When contemplating the landscape of southern Delaware, your mind might drift toward the picturesque knee-high corn and surrounding rural farmland. However, it is the area’s natural, unspoiled beaches, Atlantic Ocean and bays that hold a special place in many hearts and stomachs. As a food-obsessed chef, seafood is a particular passion of mine and our proximity to water makes satisfying those cravings an almost inescapable endeavor. Local seafood restaurants are often bustling, as are the seafood markets. I am a fan of The Henlopen City Oyster House, which does an excellent job of serving fresh, well-prepared meals. Recently, I’ve become enamored with my friend Chef Sean Corea’s newly formed Lewes Oyster House.
Fresh oysters are not the first locally sourced menu item I immediately associate with Delaware seafood, but an important one nonetheless. Oysters were once a thriving industry in the Delaware waterways, but overfishing, disease and pollution led to their decline in the late 20th century. The Delaware Bay was once one of the most productive oyster habitats on the East Coast, with a history of oyster harvesting dating back to Native American tribes. By the mid-20th century, the oyster population had declined, and in the late 1950s, a parasitic disease known as MSX — not harmful to humans — wiped out much of what was left of the population.
“Oysters were once a thriving industry in the Delaware waterways, but overfishing, disease, and pollution led to their decline.”
In recent years, however, there has been renewed interest in restoring the oyster population in the Delaware Bay. It is slowly making a comeback, thanks to the efforts of scientists, environmentalists and local fishermen. One group leading the effort to restore the oyster population is the Partnership for the Delaware Estuary, a nonprofit organization working to improve the health of the Delaware River and Bay. The partnership has launched several initiatives to restore oyster reefs in the bay and has worked with local fishermen to promote sustainable harvesting practices. Researchers at the University of Delaware have developed a method for growing oysters that is more efficient and sustainable than traditional methods. The new technique involves suspending the oysters in cages placed in the water, rather than allowing them to grow on the bottom of the bay. This reduces the risk of disease and predation and makes harvesting easier.
Local fishermen and oyster farmers play a crucial role in the restoration of the oyster population by adopting new harvesting practices that are more sustainable. Some fishermen are also growing their own oysters in cages, which allows them to control the quality and size of their crop. You can even purchase these oysters directly from the source, such as the Rehoboth Bay Oyster Company, which has more than 400,000 oysters in local waters.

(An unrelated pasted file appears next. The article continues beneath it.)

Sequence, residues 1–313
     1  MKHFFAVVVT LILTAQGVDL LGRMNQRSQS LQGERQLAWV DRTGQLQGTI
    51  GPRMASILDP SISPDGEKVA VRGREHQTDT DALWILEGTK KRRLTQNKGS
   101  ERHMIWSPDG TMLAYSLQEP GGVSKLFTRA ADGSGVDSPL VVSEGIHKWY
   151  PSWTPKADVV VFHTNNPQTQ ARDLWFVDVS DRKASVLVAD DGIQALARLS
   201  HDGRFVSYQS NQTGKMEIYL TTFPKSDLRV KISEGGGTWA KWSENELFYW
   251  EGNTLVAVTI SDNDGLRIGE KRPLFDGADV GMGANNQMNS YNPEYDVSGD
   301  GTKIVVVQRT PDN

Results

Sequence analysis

Despite these efforts, the bay is still polluted, and it will take time for the oysters to fully recover. However, there are signs of progress. According to the Partnership for the Delaware Estuary, the oyster population in the bay has increased by 20% in recent years, and oyster reefs have been successfully restored in some areas.
The return of the oyster industry to the Delaware waterways is not only good news for the environment but also for the local economy. Oysters are a high-value commodity, and the restoration of the industry could create new jobs and economic opportunities. Oysters are a keystone species in the ecosystem, and their presence has a significant positive impact on the waters in which they live. One of the most important benefits of oysters is their ability to act as natural filters that remove pollutants from the water, thus helping to improve water quality and support the health of other marine life.
In addition to their filtration capabilities, the complex reef structures oysters create provide a home for crabs, fish and invertebrates and act as a buffer against waves and tides, reducing the impact of storms and protecting shorelines from erosion.
As the oyster population continues to recover, it is important that efforts to restore the ecosystem continue. The health of the Delaware Bay and the oyster industry are interconnected, and by working to improve the bay’s health, we can ensure a sustainable and delicious future.
Delaware Oyster Stew
Makes 4 cups
- 12 ounces whole milk
- 4 ounces half-and-half or heavy cream
- 1/2 teaspoon Kosher salt
- 1/4 teaspoon white pepper
- 2 sheets dried kombu seaweed
- 4 tablespoons unsalted butter
- 16 ounces shucked oysters, liquor included
- 1 teaspoon Worcestershire sauce
- 2 teaspoons white soy sauce
- 2 dashes Tabasco
- finely sliced fresh chives
➊ Place milk, cream, salt, pepper and kombu in a medium saucepan.
➋ Warm over medium-low heat, stirring regularly, just until hot
(about 10 minutes). Do not boil.
➌ In a separate skillet, melt butter over low heat. Add the oysters,
liquor, and Worcestershire sauce. Sauté until the edge of the oysters
just begin to curl (2-3 minutes).
➍ Transfer the oyster mixture to the pot of milk and cook over
medium-low heat for about 2 more minutes. Do not boil.
➎ Ladle soup into bowls and garnish with chives and serve.